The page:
What does it look like to carry each other’s burdens?
Do you consider yourself spiritual but not religious?
Pictures that capture special moments communicate in a way that words cannot. This became evident as I attempted to write a blog post based on the above photo and soon realized my words were not needed nor adequate. The photo captures a moment that speaks for itself, so I will not speak for it, except to reveal that it captured a Kingdom of God moment where the good news of Jesus Christ is being shared with a student with special needs, along with other students, at the most recent Capernaum Club, held monthly, at First Presbyterian Church in Maumee, Ohio. Capernaum Club is a Young Life ministry that serves students with special needs with the goal of including them fully in the Kingdom of God, both here and to come, through fellowship, song, dance, play and hearing the good news of Christ proclaimed.
Last Sunday, Pastor Clint Tolbert at First Presbyterian Church, Maumee, Ohio, introduced a new sermon series on the book of First John titled, “Living as Children of the Light.” During the introduction, he spoke about the difficulties of being a teenager. He expressed that while being a teenager has always been difficult, teens today face greater challenges than previous generations, “as they seek to become the young men and women that God created them to be.”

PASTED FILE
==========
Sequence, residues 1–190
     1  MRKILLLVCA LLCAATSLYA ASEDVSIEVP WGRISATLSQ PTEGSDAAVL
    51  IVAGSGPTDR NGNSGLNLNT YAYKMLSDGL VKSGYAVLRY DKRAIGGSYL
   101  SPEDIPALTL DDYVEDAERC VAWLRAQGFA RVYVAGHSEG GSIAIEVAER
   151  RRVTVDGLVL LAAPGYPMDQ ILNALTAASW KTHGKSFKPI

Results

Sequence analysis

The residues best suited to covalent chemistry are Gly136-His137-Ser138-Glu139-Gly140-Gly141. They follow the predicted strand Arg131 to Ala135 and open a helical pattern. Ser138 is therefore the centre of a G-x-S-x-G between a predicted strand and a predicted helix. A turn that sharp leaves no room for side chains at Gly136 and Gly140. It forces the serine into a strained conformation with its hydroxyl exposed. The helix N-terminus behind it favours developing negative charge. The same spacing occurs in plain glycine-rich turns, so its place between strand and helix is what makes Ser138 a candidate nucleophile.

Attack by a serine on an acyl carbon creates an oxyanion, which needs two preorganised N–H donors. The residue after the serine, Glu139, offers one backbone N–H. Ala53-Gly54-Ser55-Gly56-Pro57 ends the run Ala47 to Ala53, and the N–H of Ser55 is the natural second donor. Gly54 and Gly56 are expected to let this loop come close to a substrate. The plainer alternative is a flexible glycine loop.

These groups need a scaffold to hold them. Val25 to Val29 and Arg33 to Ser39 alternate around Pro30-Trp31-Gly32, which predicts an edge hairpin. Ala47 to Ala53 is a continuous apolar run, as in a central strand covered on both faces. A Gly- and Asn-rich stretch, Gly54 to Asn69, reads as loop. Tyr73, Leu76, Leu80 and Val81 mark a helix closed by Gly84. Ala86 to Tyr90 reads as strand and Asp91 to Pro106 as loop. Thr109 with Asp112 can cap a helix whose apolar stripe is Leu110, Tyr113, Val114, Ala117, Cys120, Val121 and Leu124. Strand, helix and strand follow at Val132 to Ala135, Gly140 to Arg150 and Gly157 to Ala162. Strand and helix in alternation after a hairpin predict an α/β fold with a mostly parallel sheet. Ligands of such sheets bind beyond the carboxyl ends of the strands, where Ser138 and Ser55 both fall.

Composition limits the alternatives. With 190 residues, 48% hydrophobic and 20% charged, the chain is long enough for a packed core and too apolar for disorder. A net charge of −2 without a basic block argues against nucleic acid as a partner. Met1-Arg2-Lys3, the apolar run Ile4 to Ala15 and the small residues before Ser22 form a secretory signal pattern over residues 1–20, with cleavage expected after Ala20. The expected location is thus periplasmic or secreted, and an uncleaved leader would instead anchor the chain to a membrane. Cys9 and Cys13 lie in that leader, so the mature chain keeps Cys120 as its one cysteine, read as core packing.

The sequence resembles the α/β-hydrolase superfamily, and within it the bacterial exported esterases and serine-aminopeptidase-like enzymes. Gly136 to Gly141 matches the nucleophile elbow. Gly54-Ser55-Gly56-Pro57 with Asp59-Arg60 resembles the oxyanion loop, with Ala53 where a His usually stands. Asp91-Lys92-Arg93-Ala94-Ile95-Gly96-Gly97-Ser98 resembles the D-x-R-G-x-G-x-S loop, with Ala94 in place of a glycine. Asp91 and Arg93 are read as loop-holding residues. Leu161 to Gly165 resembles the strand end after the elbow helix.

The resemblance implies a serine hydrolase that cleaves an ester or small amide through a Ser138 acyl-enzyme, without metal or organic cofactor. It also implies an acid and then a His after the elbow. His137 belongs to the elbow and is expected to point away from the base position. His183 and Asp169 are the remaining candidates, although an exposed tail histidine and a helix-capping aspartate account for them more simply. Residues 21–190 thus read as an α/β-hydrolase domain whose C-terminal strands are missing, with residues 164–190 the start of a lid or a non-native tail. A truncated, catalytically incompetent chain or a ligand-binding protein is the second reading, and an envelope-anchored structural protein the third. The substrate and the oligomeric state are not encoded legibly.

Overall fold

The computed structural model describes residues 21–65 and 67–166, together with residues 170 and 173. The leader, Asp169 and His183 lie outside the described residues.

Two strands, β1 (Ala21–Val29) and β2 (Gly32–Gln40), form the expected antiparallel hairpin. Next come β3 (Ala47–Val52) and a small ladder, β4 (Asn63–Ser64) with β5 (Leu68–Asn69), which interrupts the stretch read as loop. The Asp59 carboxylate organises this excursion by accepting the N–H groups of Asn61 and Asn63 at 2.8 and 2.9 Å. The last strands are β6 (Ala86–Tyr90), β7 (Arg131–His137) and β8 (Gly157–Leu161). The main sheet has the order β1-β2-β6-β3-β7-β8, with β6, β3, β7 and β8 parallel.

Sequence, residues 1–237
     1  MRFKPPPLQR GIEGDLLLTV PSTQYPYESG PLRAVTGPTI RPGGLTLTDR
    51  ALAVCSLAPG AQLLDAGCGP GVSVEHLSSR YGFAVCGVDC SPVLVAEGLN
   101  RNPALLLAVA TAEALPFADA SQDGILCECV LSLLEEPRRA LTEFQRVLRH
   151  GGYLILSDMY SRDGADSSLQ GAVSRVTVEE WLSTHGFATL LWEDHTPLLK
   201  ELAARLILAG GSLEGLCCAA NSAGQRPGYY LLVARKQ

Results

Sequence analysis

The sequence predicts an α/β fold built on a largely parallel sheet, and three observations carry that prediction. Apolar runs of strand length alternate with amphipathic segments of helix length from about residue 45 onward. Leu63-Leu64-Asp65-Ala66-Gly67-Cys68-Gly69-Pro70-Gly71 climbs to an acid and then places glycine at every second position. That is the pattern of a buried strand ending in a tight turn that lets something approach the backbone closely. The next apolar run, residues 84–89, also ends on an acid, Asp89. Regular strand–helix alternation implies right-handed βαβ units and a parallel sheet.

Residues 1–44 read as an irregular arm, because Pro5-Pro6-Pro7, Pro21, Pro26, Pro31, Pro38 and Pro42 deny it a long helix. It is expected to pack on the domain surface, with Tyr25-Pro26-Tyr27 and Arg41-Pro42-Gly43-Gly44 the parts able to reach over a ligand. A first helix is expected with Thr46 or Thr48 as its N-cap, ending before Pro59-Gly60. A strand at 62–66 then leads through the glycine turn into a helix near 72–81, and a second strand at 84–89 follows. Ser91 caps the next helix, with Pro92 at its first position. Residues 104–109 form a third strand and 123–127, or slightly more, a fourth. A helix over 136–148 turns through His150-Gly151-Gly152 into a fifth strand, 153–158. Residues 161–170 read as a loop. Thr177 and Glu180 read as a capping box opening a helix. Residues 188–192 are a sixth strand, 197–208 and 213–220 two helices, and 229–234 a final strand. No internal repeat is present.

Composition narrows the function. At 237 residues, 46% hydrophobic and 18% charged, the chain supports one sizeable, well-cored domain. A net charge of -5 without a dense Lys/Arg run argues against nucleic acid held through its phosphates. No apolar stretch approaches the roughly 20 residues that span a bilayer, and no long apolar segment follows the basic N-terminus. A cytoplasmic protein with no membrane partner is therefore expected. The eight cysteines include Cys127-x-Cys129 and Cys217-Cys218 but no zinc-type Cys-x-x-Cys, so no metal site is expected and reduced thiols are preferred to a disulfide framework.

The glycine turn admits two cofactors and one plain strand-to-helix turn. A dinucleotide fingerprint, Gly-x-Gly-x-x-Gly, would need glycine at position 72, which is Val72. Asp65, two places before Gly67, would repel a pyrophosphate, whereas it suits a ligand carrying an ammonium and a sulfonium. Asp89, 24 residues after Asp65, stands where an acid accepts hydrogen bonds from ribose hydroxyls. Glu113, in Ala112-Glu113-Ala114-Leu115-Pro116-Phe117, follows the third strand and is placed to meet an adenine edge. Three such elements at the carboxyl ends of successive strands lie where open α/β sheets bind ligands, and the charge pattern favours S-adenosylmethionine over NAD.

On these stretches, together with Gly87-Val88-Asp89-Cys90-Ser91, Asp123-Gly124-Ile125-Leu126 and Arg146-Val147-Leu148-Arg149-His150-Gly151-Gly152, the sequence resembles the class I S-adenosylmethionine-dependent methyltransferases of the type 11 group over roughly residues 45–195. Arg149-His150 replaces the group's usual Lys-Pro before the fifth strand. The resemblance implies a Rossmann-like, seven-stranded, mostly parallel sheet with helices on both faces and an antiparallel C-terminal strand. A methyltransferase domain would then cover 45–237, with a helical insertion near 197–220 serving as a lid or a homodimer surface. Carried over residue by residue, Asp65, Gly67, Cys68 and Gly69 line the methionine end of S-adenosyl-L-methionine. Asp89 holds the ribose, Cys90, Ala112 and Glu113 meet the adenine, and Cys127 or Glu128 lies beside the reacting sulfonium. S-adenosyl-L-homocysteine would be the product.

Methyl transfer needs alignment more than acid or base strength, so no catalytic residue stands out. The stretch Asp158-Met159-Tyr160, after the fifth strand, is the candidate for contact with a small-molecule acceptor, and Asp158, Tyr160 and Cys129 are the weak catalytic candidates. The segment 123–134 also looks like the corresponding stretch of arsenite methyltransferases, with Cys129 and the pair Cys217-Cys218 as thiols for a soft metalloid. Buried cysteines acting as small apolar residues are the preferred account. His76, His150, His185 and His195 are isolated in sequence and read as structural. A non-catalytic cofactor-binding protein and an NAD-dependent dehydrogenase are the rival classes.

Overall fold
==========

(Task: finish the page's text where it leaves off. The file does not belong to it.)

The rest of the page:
One of the insights he offered as to why it is more difficult to be a teenager today, which has stuck with me throughout the week, was with the proliferation of technology and social media the “competing voices” of culture don’t shut off. They are available to be watched and heard and read through technology all the time and everywhere. They are competing voices because they are the voices that don’t share your values as a parent and are opposed to the greatest commandment, as stated by Christ, “Love the Lord your God with all your heart and with all your soul and with all your strength” (Mk. 12:30).
Clint’s insight on the impact of competing voices through technology was a good reminder to me to pause as a parent of two teens, and one tween, to evaluate if my voice and the voice Christ is being heard clearly by them. I would guess I am, like most parents, in a struggle to find time that is free from distraction and the busyness of life so that my children can hear my voice clearly. There is always that voice in the back of my head informing me that I could be doing this or that better as a parent. However, within that struggle, I have recently discovered two opportunities to spend time with my daughter, in particular, free from the distractions and competing voices of culture.
The first distraction free time was found by accident even though it can be a source of stress. As my daughter is now sixteen, I have been teaching her to drive. As we have been driving together, with the radio off and the iPhone put away, it has simply been the two of us going down the road, relatively straight, and talking without distractions in between figuring out Roundabouts, left hand turns and how to shut off the high beam headlights when they are turned on accidentally. While I was not expecting this time together to create distraction free space as I was handing her the keys and getting into the passenger seat a little nervously for the first time, it has been valuable for her and me as it has provided moments where I can both hear her voice and speak into her life clearly.